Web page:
The latest version of the LLVM 3.5 compiler infrastructure, version 3.5, is now available for download as it faces potential competition from the up-and-coming version 5 of the GCC (GNU Compiler Collection). It's also staring down the prospect of an alternate version hardened against errors and memory leaks by way of formal mathematical proofs.
LLVM isn't a compiler for a given language, but rather a framework that can be used to generate object code from any kind of source code. The project can target a broad variety of instruction sets, so it's a powerful way to develop compilers for a given language that span hardware types. Version 3.5's new features mostly target the ARM back end and the way code is emitted for MIPS and AArch64 processor architectures, but some languages have also recently added LLVM support. LDC, for example, uses LLVM to compile the D language.
LLVM's most direct competition comes from GCC, another other major open source compiler infrastructure. Both LLVM and GCC support a broad number of languages and libraries, including C/C++, but also Objective-C and Fortran. But the two are licensed and developed in markedly different ways.
GCC, on the other hand, is GPL-licensed and has a few more restrictions attached to its reuse, but it's developed by a steering committee where the developers are chosen on a personal basis rather than company affiliation. That said, the presiding developers come from a broad range of companies, including IBM, Red Hat, Suse, Google, and Cisco.
LLVM and GCC have competed on performance as well. Historically, GCC has been credited with better performance, although the latest version of LLVM aims to close the gap. Phoronix ran a comparison of the pre-release version of GCC 5 against LLVM 3.5 and found the biggest differences were in C/C++ compile times -- with LLVM way out in front -- but noted that LLVM did poorly with some encryption algorithms (due to items that didn't land in LLVM 3.5 in time) and in many other cases lagged behind GCC by either a little or a lot.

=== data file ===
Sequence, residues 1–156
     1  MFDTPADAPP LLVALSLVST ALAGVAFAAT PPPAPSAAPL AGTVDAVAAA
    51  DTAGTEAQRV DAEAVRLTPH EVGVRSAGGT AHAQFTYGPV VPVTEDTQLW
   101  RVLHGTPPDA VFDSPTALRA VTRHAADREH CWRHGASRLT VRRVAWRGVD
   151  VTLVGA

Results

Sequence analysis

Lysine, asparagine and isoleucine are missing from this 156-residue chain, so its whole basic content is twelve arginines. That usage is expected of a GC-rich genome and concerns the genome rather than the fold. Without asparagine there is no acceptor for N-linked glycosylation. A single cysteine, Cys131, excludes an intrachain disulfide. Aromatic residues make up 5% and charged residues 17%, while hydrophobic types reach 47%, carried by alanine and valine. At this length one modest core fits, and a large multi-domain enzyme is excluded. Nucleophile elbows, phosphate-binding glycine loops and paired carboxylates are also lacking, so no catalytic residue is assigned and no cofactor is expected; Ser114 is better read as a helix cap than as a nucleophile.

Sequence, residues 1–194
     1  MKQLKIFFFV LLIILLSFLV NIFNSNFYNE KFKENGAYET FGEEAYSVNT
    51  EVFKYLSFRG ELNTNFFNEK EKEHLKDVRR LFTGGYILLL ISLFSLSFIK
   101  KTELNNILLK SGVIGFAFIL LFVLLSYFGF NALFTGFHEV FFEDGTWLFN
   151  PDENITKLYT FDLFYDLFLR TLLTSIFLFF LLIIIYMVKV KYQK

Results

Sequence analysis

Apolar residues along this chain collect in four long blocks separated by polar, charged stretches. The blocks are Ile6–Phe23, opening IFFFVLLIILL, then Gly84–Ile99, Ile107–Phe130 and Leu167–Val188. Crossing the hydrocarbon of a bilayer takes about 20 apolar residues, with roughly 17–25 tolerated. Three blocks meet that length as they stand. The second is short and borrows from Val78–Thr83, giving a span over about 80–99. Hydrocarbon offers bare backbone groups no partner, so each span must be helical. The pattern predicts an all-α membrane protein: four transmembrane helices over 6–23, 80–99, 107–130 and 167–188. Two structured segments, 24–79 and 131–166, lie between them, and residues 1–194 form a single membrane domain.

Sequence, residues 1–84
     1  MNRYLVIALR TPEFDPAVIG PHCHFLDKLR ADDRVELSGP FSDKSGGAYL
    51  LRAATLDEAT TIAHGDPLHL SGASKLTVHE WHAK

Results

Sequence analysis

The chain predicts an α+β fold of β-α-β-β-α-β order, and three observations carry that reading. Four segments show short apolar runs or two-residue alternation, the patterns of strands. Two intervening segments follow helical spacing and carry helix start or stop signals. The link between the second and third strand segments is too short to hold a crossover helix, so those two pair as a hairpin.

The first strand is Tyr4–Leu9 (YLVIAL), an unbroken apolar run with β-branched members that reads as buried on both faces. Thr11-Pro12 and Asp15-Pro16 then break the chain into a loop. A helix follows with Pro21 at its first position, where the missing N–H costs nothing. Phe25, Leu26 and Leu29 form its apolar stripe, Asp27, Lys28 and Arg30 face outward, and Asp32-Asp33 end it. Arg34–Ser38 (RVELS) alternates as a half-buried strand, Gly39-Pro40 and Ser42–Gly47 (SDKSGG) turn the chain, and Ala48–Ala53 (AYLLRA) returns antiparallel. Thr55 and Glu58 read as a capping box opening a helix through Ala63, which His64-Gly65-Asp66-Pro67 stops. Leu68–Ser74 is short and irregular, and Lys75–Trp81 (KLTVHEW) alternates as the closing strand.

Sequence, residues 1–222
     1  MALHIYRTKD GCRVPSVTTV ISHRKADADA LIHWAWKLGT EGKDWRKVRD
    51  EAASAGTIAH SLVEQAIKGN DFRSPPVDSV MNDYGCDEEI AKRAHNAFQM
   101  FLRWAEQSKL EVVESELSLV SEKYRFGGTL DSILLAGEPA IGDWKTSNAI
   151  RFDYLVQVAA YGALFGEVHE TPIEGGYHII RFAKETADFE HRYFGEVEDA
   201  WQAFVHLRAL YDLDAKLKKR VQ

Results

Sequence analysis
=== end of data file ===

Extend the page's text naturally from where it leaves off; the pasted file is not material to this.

LLVM has also recently inspired a project named Vellvm, where the design of the program and its output are both formally verified. The compiler's input and production can then be independently proven as consistent to defend against introduced bugs. The CompCert compiler already does this, but only for C; a formally verified version of LLVM could in theory do this for any language.
The need for this kind of integrity in both languages and compilers is becoming clearer. Mozilla's Rust language, for instance, has been designed from the inside out to allow the creation of both system-level software and higher-level applications (such as browser engines) that are nowhere nearly as vulnerable to bugs or memory leaks. Guess which back end Mozilla uses for the Rust compiler? LLVM.
This story, "Compiler wars: LLVM and GCC compete on speed, security" was originally published by InfoWorld.